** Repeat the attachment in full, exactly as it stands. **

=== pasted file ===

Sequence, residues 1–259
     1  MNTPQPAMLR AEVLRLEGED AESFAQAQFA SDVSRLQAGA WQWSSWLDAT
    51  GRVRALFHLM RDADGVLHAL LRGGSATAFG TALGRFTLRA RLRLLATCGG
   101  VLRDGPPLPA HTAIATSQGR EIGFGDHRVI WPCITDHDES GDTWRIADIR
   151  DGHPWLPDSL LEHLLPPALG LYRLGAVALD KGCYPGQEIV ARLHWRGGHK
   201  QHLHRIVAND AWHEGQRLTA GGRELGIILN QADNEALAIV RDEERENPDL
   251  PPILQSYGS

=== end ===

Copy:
Sequence, residues 1–259
     1  MNTPQPAMLR AEVLRLEGED AESFAQAQFA SDVSRLQAGA WQWSSWLDAT
    51  GRVRALFHLM RDADGVLHAL LRGGSATAFG TALGRFTLRA RLRLLATCGG
   101  VLRDGPPLPA HTAIATSQGR EIGFGDHRVI WPCITDHDES GDTWRIADIR
   151  DGHPWLPDSL LEHLLPPALG LYRLGAVALD KGCYPGQEIV ARLHWRGGHK
   201  QHLHRIVAND AWHEGQRLTA GGRELGIILN QADNEALAIV RDEERENPDL
   251  PPILQSYGS